Today’s News - Friday, April 11, 2014
• A call for planners to "shift their attention to the informal economy that is the invisible engine of true urban greatness. We want to redefine the 'world-class city' as an inclusive city."
• Swope, reporting from the World Urban Forum in Medellín, offers a sweeping, 4-part Q&A with Colombia cities expert Gerard Martin re: how Medellín grew, and "how reform mayors have used new local powers to create a strategy they call 'social urbanism.'"
• Adding to the "great density debate" in Melbourne: "before attempting to accommodate the rapidly increasing population, we must first understand what constitutes a good housing design. But is this merely an idea that is easier said than done?"
• Olcayto explains why dynamiting Glasgow's Red Road housing towers as a TV stunt for the Commonwealth Games "sends the wrong message" about the city's regeneration, and how the city's "architects are among the wiser figures speaking on its behalf. If ever there were a time for architects to reaffirm their civic leadership role," it's now.
• Jacobs weighs in on the 10 Rebuild by Design proposals that show "no shortage of resilient design options" for a post-Sandy world: they "don't feature monumental objects or extravagant built form, which makes them poor fodder for the architecture press," but "many seem reasonably easy to implement, even by local governments."
• Australia's former Prime Minister calls plans for the Sydney Botanical Gardens "a bloody disgrace," a money grab, and "'the most appalling and outrageous plan Sydney has ever seen for the misappropriation of its public lands.' And this quote was one of the nicer ones."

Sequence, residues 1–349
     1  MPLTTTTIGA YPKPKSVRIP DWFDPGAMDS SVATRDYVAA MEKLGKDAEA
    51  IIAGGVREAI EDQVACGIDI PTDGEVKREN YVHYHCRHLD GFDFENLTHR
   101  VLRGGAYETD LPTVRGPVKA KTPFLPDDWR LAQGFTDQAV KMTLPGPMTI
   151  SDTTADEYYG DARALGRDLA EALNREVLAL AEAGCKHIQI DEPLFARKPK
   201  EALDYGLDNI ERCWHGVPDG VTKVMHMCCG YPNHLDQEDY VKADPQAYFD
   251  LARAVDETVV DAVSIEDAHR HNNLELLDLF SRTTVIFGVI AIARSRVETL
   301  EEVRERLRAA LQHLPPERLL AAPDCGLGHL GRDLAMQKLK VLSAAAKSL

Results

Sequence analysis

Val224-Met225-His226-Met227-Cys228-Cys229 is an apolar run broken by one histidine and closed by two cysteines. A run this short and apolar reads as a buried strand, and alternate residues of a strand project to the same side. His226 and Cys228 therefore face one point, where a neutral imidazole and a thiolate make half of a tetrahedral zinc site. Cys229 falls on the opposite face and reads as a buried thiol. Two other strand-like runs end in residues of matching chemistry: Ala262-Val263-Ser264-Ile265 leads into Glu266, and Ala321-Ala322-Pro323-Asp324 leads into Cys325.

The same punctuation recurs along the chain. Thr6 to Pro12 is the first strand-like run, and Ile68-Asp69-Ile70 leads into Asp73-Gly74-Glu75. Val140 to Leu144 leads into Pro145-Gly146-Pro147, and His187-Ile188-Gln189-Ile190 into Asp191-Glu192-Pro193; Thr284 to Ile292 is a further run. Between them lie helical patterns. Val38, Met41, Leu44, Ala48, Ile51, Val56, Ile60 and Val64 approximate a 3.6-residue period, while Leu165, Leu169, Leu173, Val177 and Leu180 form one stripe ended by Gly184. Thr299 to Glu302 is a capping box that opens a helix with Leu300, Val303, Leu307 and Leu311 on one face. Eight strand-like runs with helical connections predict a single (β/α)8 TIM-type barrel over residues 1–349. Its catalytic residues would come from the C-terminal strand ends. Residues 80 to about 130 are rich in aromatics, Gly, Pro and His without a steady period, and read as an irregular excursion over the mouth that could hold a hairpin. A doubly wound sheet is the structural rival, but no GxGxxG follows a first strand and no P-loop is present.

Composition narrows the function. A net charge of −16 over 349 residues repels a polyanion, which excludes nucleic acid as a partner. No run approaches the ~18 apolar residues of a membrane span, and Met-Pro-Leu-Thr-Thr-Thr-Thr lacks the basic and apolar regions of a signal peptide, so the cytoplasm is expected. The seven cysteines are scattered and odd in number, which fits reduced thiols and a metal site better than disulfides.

• Some prominent architects from Down Under chime in with their thoughts on the controversial plans for the Royal Botanic Gardens, "one of Sydney's most cherished and tranquil landmarks."
• Davidson waxes poetic about the "long, slow death" of glamour in Midtown Manhattan as media companies head to cheaper digs downtown. "To the current crop of creative young ladder-climbers, a corner office in a midtown tower was their grandparents' dream, not theirs."
• Which is why we couldn't resist "The Hilda Stories," in which the eloquent (and glamorous) Hilda Longinotti recalls some very amusing tales from her 21-year run as George Nelson's aide-de-camp in the Mad Men era.
• King gets a hard-hat tour of SFMOMA's transformation: "the past is ghostly as the future takes shape."
• Former leaders of RIBA's now-abolished procurement reform group are up in arms about the institute "promoting a PQQ masquerading as a design competition" that discourages young practices from entering: "What I find most galling is there's no design element at all at this stage."
• Weekend diversions:
• Menking cheers the Lebbeus Woods retrospective opening at NYC's Drawing Center: "Though his ethical voice and the demanding worlds he created inside his drawings will no longer confront the major issues of the day we still have his drawings to remind us of his thinking and vision."
• Campbell-Dollaghan cheers "Maggie's Centres: A Blueprint for Cancer Care" at the New York School of Interior Design (great pix!).
• Kamin gives (mostly) thumbs-up to "Chicagoisms" at the Art Institute of Chicago: it is "engaging but uneven" show. "Yet there's an appealing playfulness to the installation," which suggests that the city's "future can be as bright as its legendary past - if only the city rediscovers its capacity for boldness. That critique is not entirely on target."